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Science, History And Culture Of Sardinian Tuna Fishing

Economics +1 more

The Mediterranean Sea and, in particular, the cristallina waters of Sardinia areconfronting a paradox of marine preservation, according to Katherine Emery.

On the one hand, Italian coastal resources are prized nationally and internationally for their natural beauty as well as economic and recreational uses. On the other hand, deep-seated Italian cultural values and traditions, such as the desire for high-quality fresh fish in local cuisines and the continuity of ancient fishing communities, as well as the demands of tourist and real-estate industries, are contributing to the destruction of marine ecosystems. The synthesis presented here offers a unique perspective combining historical, scientific, and cultural factors important to one Sardinian tonnara in the context of the larger global debate about Atlantic bluefin tuna conservation.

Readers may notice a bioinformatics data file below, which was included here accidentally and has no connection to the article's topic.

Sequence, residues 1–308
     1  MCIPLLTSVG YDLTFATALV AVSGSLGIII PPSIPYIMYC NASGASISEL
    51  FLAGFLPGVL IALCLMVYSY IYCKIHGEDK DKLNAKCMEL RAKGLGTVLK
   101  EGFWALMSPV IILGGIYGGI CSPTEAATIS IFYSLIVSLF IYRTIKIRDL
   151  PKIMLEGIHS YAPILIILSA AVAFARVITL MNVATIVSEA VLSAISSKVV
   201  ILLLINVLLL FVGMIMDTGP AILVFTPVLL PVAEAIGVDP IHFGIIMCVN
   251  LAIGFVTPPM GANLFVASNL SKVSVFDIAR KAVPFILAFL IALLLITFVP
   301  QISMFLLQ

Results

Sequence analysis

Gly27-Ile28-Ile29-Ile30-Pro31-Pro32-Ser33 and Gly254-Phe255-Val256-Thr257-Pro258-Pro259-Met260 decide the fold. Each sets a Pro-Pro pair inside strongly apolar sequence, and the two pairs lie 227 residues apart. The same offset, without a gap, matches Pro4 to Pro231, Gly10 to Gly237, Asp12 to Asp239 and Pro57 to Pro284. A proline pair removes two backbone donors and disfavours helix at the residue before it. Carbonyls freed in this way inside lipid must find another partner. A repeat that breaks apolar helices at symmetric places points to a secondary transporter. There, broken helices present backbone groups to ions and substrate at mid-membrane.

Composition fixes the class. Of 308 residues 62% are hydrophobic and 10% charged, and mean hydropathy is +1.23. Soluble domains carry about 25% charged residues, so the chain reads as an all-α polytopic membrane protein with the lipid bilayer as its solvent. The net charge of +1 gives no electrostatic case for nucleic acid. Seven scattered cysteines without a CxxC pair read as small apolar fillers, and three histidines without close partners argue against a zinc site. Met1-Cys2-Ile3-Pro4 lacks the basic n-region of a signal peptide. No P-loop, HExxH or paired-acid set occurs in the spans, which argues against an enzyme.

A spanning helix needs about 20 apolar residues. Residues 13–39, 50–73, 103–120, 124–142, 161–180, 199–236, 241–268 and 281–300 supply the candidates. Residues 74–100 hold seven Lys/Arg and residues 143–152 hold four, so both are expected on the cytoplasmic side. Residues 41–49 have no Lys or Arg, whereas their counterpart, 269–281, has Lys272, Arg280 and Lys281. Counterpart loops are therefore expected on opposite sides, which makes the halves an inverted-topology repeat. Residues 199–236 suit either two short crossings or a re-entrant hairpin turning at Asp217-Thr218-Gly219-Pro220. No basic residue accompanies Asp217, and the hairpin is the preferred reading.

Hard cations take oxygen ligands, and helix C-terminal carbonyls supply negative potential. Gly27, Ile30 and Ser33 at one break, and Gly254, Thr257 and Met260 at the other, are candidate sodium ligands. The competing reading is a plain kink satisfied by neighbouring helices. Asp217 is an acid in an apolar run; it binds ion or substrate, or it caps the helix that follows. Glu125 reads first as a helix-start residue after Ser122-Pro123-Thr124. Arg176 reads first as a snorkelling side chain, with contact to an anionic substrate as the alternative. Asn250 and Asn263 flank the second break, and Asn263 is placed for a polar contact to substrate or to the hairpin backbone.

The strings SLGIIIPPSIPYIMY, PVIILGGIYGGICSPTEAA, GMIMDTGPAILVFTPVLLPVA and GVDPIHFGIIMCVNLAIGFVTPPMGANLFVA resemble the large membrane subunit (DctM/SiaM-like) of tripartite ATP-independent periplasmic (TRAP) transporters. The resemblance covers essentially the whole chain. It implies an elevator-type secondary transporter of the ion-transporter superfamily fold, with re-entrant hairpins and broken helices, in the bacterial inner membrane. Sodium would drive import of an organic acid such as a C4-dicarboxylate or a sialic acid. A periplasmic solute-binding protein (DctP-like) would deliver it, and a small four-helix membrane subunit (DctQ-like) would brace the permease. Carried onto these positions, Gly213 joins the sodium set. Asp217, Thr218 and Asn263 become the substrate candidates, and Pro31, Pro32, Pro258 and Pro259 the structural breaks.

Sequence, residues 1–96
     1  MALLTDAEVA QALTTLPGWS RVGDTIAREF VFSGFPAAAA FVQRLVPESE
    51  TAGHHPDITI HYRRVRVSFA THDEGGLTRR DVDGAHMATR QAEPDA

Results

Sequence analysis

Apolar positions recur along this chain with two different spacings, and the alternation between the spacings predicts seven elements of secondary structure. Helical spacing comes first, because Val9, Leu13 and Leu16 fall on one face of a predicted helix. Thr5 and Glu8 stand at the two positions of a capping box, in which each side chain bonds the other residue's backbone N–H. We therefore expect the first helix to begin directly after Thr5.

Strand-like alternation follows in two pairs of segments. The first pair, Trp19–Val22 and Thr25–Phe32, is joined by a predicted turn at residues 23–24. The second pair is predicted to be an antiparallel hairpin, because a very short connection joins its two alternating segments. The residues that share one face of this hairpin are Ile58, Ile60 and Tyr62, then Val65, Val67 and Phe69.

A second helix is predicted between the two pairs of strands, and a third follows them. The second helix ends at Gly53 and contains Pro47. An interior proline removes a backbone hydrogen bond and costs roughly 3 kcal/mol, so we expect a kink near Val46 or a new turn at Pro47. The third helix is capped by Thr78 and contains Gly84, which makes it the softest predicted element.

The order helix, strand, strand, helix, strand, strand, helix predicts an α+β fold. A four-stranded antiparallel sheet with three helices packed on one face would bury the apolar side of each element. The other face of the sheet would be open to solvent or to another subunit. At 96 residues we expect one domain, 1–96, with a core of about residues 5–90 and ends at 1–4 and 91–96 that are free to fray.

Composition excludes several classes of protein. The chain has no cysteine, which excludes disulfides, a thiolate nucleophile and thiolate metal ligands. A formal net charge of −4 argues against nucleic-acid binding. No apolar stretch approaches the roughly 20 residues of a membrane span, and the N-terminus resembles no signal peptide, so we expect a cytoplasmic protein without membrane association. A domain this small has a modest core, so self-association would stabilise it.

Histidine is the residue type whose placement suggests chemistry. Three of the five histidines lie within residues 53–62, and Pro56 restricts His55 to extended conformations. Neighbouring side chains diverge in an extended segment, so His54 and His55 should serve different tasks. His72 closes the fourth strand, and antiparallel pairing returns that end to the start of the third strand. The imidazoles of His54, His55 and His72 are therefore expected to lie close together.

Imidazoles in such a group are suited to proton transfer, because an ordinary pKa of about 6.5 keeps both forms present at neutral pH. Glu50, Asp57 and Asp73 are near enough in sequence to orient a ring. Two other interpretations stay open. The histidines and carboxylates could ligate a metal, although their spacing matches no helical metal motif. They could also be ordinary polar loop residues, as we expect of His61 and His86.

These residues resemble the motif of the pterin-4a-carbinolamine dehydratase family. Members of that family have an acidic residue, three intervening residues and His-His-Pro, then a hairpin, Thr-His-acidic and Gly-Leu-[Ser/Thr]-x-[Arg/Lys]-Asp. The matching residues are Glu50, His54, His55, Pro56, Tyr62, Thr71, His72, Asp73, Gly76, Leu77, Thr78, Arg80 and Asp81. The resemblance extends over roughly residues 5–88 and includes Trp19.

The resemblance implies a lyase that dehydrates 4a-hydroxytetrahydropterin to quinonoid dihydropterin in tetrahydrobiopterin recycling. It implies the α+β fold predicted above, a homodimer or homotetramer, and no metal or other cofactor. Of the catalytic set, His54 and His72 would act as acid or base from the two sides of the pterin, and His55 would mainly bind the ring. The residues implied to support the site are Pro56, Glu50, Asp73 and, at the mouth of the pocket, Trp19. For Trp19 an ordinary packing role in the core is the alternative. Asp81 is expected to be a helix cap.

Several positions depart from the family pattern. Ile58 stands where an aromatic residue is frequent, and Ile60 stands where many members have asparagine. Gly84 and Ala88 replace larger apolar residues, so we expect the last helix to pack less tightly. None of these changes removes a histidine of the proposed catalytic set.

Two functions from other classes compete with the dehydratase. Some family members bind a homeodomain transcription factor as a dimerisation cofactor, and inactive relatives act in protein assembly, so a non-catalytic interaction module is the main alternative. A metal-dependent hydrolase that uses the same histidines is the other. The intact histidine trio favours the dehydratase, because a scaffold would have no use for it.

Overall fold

Fish and fishing in the Mediterranean and Italy

The word ‘Mediterranean’ stems from the Latin words medius [middle] and terra [land, earth]: middle of the earth. Ancient Romans referred to it as “Mare nostrum” or “our sea”: “the territory of or under the control of the European Mediterranean countries, especially Italy.” Today, the Mediterranean Sea is still an important mutually used resource integral to littoral and inland states’ cultures and trade.